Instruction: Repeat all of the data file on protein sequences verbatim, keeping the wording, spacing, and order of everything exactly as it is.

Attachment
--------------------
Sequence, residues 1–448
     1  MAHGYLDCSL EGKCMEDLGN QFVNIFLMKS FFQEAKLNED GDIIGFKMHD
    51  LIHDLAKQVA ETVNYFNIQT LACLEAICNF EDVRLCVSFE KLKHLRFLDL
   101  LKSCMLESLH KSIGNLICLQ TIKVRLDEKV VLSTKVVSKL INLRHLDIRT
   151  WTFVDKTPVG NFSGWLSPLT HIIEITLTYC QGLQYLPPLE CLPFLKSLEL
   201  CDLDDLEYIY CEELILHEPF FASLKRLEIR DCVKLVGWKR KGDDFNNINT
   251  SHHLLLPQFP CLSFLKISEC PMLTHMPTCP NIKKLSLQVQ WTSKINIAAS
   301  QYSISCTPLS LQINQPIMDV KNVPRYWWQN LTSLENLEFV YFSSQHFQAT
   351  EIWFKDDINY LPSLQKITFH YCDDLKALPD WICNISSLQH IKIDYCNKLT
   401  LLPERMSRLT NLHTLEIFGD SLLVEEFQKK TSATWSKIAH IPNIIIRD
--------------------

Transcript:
Sequence, residues 1–448
     1  MAHGYLDCSL EGKCMEDLGN QFVNIFLMKS FFQEAKLNED GDIIGFKMHD
    51  LIHDLAKQVA ETVNYFNIQT LACLEAICNF EDVRLCVSFE KLKHLRFLDL
   101  LKSCMLESLH KSIGNLICLQ TIKVRLDEKV VLSTKVVSKL INLRHLDIRT
   151  WTFVDKTPVG NFSGWLSPLT HIIEITLTYC QGLQYLPPLE CLPFLKSLEL
   201  CDLDDLEYIY CEELILHEPF FASLKRLEIR DCVKLVGWKR KGDDFNNINT
   251  SHHLLLPQFP CLSFLKISEC PMLTHMPTCP NIKKLSLQVQ WTSKINIAAS
   301  QYSISCTPLS LQINQPIMDV KNVPRYWWQN LTSLENLEFV YFSSQHFQAT
   351  EIWFKDDINY LPSLQKITFH YCDDLKALPD WICNISSLQH IKIDYCNKLT
   401  LLPERMSRLT NLHTLEIFGD SLLVEEFQKK TSATWSKIAH IPNIIIRD